Sony's Once Open Optical Port Is Now Proprietary In Ironic Twist

Subject: General Tech | July 8, 2011 - 04:35 AM |
Tagged: thunderbolt, sony, pci-e, optical

 

View Full Size

See that blue port that looks like USB 3.0?  It actually has some optical prowess up its sleeve

Sony is well known among technology enthusiasts as being a company that loves to take the proprietary route; however, in a rather paradoxical twist Sony's new optical port on the VAIO Z did not start proprietary.  In fact, it was only made proprietary after Intel and Apple changed the design of the connection that became named Thunderbolt.

Both Thunderbolt and the new Sony connection are based on Light Peak, the optical standard championed by Intel that promised up to 100Gbps optical connections over 100 meter cables (though this was only in lab conditions).  OEMs influenced Intel into postponing the optical variant of Light Peak in favor of a cheaper electric variant, which is what today's Thunderbolt implementation is.  Thunderbolt uses an electric connection over copper using active cables to promises 10Gbps (20Gbps bidirectional) transfers.  The original design for the connector for Light Peak was a connection that looked like a USB connection and would be able to support USB connections as well as accommodate the Light Peak cables.  However, Apple and Intel decided a few months before what would become Thunderbolt launched to change the connector to a mini-Display Port connection.  

The Sony connection on the other hand, employs the USB-like connector, and is capable of handling USB 2.0, USB 3.0 devices as well as the Sony VAIO Z's Power Media Dock which uses the optical connection that is "based on Light Peak," according to This Is My Next.  While Thunderbolt devices will not be able to plug into the VAIO Z's new optical connector and Sony has not released any specifications on what it is capable of, the inclusion of a Blu Ray drive, lots of I/O options in the form of VGA, DVI, HDMI, one USB 2.0, one USB 3.0, Gigabit Ethernet, and a discrete 1GB AMD HD 6650M graphics card the connection (whatever its specific transfer capabilities) seems to be no slouch in the transfer speed(s) department.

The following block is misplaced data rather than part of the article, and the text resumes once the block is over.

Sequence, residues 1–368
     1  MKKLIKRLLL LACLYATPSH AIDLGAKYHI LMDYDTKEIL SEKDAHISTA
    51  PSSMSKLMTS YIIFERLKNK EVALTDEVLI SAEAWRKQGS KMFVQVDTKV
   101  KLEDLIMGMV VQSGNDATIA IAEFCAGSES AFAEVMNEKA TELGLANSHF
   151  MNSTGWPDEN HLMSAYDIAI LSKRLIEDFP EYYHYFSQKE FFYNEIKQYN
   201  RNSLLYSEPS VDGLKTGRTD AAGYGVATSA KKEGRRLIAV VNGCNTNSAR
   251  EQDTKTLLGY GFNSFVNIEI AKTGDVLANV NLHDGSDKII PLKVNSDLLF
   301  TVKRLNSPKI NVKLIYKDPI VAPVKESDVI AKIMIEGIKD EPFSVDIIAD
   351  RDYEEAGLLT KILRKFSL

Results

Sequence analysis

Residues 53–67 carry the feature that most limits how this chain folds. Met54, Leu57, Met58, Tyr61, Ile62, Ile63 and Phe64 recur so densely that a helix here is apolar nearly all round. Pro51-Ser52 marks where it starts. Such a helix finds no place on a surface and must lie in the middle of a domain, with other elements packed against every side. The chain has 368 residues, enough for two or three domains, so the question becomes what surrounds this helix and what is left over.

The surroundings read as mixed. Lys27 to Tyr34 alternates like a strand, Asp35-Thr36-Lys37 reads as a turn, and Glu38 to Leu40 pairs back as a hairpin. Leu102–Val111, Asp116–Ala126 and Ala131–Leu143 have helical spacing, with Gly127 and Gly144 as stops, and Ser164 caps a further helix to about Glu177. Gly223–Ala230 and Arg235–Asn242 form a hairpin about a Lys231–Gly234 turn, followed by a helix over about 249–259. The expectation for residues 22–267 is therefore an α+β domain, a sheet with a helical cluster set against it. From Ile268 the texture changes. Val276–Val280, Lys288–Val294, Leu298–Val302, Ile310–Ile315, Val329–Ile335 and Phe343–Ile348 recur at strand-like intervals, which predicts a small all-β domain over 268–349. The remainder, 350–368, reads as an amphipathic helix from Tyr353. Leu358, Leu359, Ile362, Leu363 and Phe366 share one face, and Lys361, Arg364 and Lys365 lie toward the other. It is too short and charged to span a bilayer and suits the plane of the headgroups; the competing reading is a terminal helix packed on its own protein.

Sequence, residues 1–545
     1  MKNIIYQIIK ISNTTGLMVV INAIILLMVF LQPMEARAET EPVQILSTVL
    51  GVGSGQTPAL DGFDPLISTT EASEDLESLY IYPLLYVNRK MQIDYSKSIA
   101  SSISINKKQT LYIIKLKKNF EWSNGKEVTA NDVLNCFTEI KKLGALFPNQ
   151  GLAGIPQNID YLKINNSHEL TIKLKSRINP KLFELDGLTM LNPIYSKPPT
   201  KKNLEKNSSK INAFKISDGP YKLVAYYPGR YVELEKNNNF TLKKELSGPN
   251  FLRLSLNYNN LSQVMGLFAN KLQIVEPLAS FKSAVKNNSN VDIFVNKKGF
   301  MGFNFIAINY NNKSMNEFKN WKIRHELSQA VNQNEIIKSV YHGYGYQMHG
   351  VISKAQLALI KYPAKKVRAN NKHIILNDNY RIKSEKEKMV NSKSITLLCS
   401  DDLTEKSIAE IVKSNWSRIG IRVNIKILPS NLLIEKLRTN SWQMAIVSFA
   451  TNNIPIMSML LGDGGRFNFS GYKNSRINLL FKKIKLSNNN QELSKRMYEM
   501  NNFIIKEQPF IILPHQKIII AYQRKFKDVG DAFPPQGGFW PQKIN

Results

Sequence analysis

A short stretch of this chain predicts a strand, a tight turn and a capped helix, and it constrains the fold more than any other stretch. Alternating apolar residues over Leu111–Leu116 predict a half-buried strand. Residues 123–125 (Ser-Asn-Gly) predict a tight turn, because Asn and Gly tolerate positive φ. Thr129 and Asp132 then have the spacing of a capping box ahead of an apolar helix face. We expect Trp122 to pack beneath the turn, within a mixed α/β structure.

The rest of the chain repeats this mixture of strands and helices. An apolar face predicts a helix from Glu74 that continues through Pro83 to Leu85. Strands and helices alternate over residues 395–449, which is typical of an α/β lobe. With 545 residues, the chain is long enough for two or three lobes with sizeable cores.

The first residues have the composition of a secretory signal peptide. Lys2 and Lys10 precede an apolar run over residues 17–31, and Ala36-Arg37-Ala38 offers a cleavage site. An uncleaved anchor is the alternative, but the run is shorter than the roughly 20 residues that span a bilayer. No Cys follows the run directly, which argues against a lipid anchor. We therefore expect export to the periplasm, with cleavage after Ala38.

This Is My Next has the full story on how Sony's (now) proprietary connection joined the companies lineup of proprietary technology despite Sony's efforts to use an non propriety standard (surprisingly) which you can read here.  It is certainly an interesting tale of karma and surprise.  What are your thoughts on the new connection?

July 8, 2011 | 03:19 PM - Posted by rmadball

I think in the long run it will hurt them being there the only ones that have it. No other support. You would almost be on your own. Sorry to say I'd rather stay with what everyone else is going to.

July 10, 2011 | 06:07 AM - Posted by amadsilentthirst

Sony loves it's proprietary connectors. Actually they love anything Proprietary.
You would think that with the death of the minidisc, they might have a rethink on that stance.

Post new comment

The content of this field is kept private and will not be shown publicly.
  • Lines and paragraphs break automatically.
  • Allowed HTML tags: <a> <em> <strong> <cite> <code> <ul> <ol> <li> <dl> <dt> <dd> <blockquote><p><br>
  • Web page addresses and e-mail addresses turn into links automatically.

More information about formatting options

By submitting this form, you accept the Mollom privacy policy.